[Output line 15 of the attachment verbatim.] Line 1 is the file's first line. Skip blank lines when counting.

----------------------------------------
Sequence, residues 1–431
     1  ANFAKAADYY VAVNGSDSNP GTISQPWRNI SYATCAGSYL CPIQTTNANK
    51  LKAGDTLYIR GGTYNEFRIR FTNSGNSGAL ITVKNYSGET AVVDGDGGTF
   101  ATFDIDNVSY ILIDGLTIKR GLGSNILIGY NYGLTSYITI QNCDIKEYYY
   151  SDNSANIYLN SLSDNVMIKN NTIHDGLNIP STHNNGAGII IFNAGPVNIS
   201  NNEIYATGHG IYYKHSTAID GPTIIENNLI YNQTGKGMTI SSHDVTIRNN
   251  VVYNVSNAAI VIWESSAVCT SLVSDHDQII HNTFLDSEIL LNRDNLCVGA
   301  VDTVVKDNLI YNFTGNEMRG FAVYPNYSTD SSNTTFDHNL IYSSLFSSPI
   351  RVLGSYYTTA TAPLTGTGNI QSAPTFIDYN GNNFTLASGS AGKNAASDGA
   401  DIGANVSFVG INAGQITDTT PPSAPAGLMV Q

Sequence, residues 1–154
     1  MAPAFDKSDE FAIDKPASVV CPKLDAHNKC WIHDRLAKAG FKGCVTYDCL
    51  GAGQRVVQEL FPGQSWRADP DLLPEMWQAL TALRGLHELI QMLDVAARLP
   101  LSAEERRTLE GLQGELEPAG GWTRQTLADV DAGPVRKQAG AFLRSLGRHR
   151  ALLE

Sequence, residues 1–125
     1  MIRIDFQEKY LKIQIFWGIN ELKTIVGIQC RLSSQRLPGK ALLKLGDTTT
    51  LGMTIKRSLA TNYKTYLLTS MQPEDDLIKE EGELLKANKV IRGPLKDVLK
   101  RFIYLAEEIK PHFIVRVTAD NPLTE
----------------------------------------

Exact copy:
   151  ALLE